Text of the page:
In his article, Kunesh details a number of additional ways people can acquire dual citizenship, including:
- citizenship by naturalization
- citizenship by investment
- citizenship by religion
Traveling on business
If you hold a work visa or permit for another country, you generally can enter and depart the country where you hold the employment visa with more freedom than you would with just your regular passport. However, you’ll still want to keep a close eye on changing regulations, such as in the case of COVID lockdowns.
As representatives of their respective countries, ambassadors and diplomats can also take advantage of special entry privileges when visiting foreign lands — even during COVID times. It makes sense: Regardless of the country, ambassadors and diplomats undergo rigorous, grueling background checks to attain their jobs, which require high levels of national security. As such, these government employees are held to higher standards for travel behavior and often have unique needs for safety and protection that don’t apply to everyday citizens. Even within the U.S. Level 4: Do Not Travel global advisory as well as in the fine print of most international COVID-related travel bans, most policies make exceptions for travelers entering or departing a country on official government business.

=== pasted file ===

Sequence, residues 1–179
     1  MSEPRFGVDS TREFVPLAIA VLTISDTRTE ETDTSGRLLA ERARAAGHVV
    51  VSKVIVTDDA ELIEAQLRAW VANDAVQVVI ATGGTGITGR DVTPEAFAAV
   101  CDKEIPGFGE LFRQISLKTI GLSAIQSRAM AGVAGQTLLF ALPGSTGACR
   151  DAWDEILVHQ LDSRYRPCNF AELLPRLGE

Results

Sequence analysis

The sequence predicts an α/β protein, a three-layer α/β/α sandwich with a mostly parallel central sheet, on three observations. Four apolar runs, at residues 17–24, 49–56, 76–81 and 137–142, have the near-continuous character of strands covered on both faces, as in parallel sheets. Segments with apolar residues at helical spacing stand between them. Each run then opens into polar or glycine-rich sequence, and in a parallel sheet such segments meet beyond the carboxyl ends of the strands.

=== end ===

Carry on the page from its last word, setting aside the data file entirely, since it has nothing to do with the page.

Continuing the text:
You might still qualify to enter a foreign country right now, even if you only hold a passport from a single country — and don’t work for the government. A number of countries allow certain immediate family members to enter or depart a country together, even if only one of the travelers is a citizen of that country. The relationship is usually limited to close family bonds such as a spouse and any underage children; however, some countries are more lax in their interpretation of family.
During the no-travel era of COVID lockdown, Denmark has recently made headlines for its “sweetheart declaration” clause, which allows healthy non-resident travelers to enter Denmark to rejoin a close loved one who is a Danish citizen or resident. The rule got its name from the list of approved relationships, which included “sweethearts” in addition to a number of legal and biological relationships such as spouses and step-family members.